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Your Environment. Your Health.

History and Goals

Worker Training Program

The NIEHS Worker Training Program (WTP) was established under the Superfund Amendments and Reauthorization Act of 1986 (SARA), Section 126(g), which authorizes an assistance program for training and education of workers engaged in activities related to hazardous materials and waste, such as generation, removal, containment, transportation, and emergency response. Congress assigned responsibility for administering this program to the NIEHS. The program funds nonprofit organizations with a demonstrated track record of providing high-quality occupational safety and health training to workers involved in handling hazardous materials or in responding to emergency releases of hazardous materials.

Minimum Criteria

Minimum Health and Safety Training Criteria: Guidance for Hazardous Waste Operations and Emergency Response (HAZWOPER) and HAZWOPER-Supporting Training
NIEHS Minimum Criteria document

Model training programs for hazardous waste workers and emergency responders need to satisfy minimum requirements as specified in federal Occupational Safety and Health Administration (OSHA) rules and other related regulations. Training programs also are required to meet the NIEHS Minimum Health and Safety Training Criteria: Guidance for HAZWOPER and HAZWOPER-Supporting Training. This guidance emphasizes the principles of adult education, establishes minimum criteria for designing training programs, establishes quality control requirements for training programs, and provides generic guidelines for training curriculum.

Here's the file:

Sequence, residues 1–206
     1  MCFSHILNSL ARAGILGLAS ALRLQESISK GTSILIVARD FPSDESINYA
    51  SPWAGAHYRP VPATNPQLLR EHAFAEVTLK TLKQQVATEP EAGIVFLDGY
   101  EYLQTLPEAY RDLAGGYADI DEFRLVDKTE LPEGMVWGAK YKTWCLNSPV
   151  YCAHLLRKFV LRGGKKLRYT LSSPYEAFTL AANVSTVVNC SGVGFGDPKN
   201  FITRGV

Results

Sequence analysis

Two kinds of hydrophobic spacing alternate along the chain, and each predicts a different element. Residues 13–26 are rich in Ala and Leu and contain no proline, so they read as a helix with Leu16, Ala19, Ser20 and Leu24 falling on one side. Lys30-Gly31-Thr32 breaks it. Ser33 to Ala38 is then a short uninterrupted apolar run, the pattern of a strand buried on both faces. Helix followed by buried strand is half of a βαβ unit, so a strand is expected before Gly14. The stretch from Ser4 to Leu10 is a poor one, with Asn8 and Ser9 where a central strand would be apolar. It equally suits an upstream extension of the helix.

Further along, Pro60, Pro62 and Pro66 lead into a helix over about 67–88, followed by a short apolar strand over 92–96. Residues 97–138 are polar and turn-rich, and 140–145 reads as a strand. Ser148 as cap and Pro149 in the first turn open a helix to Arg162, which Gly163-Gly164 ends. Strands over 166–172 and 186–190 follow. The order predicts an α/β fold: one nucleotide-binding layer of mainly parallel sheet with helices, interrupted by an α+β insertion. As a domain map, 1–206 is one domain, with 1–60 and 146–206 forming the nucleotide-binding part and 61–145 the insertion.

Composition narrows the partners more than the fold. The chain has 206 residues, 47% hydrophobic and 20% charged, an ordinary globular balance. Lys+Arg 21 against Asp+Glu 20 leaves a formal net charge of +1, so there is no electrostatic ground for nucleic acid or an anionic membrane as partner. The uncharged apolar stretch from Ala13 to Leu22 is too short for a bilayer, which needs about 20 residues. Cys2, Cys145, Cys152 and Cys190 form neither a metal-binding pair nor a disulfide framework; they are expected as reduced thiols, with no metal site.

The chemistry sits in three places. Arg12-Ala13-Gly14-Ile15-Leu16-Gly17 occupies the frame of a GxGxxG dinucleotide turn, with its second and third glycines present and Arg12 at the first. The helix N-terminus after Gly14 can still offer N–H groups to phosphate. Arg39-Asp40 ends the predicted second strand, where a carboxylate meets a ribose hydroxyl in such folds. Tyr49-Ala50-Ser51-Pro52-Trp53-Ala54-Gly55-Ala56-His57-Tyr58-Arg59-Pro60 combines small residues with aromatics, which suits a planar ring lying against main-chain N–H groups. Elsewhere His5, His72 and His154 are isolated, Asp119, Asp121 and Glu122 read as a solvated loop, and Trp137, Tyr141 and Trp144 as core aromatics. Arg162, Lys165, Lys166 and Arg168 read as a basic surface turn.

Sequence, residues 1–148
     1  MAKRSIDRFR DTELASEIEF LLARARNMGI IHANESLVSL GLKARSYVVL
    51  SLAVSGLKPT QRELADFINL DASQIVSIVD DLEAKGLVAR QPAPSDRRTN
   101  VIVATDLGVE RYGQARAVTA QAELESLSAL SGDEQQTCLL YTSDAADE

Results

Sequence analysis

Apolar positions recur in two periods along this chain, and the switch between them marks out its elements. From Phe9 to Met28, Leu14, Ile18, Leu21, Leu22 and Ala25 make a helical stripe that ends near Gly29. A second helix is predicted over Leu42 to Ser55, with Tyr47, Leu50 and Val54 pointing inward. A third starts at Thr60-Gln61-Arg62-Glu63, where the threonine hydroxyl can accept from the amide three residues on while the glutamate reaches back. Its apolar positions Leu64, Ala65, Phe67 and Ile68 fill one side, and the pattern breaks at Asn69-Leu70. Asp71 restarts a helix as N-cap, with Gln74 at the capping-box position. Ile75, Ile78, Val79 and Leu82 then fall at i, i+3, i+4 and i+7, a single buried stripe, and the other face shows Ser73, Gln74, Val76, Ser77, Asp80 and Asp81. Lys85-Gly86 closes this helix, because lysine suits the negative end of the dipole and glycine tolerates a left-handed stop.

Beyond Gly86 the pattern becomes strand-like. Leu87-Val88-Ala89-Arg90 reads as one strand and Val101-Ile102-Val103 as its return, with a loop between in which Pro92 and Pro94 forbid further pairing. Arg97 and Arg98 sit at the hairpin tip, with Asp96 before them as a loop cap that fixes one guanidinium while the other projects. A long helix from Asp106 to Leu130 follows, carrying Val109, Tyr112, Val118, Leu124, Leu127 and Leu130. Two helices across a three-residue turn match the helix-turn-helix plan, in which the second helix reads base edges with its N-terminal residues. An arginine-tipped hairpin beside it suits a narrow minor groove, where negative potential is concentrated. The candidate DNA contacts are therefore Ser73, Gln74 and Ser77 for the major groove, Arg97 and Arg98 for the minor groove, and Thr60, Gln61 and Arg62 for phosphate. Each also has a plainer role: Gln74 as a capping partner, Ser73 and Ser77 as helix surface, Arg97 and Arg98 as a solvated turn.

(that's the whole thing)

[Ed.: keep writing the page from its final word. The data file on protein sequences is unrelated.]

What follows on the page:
Skills-Based Learning

With worker health and safety training, an immediate goal is to provide students with relevant information, problem-solving skills, and the confidence needed to use these tools. Long-term goals are to assure that workers become and remain active participants in determining and improving the health and safety conditions under which they work and to support collaborative employer-employee relationships in creating safe workplaces. Successful adult education emphasizes peer-sharing activities, such as problem-solving and simulation exercises, that tap the experience of the learner. After training, workers should be able to bring what they have learned in the classroom or worksite training back to their jobs.

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